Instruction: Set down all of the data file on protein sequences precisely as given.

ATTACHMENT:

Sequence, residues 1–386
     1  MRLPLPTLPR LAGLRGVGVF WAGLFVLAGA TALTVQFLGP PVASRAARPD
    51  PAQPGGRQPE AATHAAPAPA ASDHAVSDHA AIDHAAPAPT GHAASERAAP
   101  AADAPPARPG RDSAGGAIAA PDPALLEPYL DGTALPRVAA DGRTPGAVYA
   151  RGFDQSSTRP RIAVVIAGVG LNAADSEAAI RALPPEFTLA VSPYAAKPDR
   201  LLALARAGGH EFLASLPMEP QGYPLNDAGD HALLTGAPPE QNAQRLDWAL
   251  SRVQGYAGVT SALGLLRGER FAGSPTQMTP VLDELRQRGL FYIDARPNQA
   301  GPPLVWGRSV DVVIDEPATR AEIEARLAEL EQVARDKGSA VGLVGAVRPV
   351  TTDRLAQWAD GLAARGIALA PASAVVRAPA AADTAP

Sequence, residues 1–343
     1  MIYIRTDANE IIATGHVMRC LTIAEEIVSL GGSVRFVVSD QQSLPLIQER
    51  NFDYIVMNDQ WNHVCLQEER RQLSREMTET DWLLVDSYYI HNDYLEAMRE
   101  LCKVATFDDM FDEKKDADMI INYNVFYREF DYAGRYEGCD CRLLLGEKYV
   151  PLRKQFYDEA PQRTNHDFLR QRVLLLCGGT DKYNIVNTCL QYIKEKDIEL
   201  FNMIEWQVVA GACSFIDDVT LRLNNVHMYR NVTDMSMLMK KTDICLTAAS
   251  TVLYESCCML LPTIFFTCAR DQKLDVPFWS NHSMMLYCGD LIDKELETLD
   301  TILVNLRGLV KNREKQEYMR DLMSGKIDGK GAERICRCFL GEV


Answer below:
Sequence, residues 1–386
     1  MRLPLPTLPR LAGLRGVGVF WAGLFVLAGA TALTVQFLGP PVASRAARPD
    51  PAQPGGRQPE AATHAAPAPA ASDHAVSDHA AIDHAAPAPT GHAASERAAP
   101  AADAPPARPG RDSAGGAIAA PDPALLEPYL DGTALPRVAA DGRTPGAVYA
   151  RGFDQSSTRP RIAVVIAGVG LNAADSEAAI RALPPEFTLA VSPYAAKPDR
   201  LLALARAGGH EFLASLPMEP QGYPLNDAGD HALLTGAPPE QNAQRLDWAL
   251  SRVQGYAGVT SALGLLRGER FAGSPTQMTP VLDELRQRGL FYIDARPNQA
   301  GPPLVWGRSV DVVIDEPATR AEIEARLAEL EQVARDKGSA VGLVGAVRPV
   351  TTDRLAQWAD GLAARGIALA PASAVVRAPA AADTAP

Sequence, residues 1–343
     1  MIYIRTDANE IIATGHVMRC LTIAEEIVSL GGSVRFVVSD QQSLPLIQER
    51  NFDYIVMNDQ WNHVCLQEER RQLSREMTET DWLLVDSYYI HNDYLEAMRE
   101  LCKVATFDDM FDEKKDADMI INYNVFYREF DYAGRYEGCD CRLLLGEKYV
   151  PLRKQFYDEA PQRTNHDFLR QRVLLLCGGT DKYNIVNTCL QYIKEKDIEL
   201  FNMIEWQVVA GACSFIDDVT LRLNNVHMYR NVTDMSMLMK KTDICLTAAS
   251  TVLYESCCML LPTIFFTCAR DQKLDVPFWS NHSMMLYCGD LIDKELETLD
   301  TILVNLRGLV KNREKQEYMR DLMSGKIDGK GAERICRCFL GEV